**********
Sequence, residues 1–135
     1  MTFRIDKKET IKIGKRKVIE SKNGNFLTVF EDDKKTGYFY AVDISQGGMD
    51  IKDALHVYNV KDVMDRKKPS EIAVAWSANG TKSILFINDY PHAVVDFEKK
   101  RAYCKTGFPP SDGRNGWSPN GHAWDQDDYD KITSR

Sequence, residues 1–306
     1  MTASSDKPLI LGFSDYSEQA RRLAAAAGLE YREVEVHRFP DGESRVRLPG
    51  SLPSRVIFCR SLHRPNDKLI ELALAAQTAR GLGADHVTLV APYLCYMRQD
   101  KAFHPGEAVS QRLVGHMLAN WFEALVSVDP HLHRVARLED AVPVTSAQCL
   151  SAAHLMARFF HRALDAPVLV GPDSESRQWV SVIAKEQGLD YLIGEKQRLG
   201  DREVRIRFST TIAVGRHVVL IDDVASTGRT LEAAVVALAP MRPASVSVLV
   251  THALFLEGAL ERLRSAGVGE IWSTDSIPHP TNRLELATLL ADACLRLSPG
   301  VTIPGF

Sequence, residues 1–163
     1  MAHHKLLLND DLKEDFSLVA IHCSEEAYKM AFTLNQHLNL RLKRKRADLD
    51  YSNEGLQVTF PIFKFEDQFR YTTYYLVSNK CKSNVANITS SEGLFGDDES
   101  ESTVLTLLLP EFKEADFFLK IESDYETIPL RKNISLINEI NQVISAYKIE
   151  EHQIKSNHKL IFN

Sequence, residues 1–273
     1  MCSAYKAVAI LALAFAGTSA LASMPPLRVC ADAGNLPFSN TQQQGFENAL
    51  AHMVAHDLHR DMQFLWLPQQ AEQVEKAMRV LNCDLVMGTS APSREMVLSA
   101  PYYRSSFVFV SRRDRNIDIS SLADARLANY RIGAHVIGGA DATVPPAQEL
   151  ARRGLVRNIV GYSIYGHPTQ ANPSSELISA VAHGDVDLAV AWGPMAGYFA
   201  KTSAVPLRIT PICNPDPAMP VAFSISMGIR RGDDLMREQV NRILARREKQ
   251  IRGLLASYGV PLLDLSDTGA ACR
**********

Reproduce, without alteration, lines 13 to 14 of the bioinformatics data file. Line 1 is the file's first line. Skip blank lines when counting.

Sequence, residues 1–163
     1  MAHHKLLLND DLKEDFSLVA IHCSEEAYKM AFTLNQHLNL RLKRKRADLD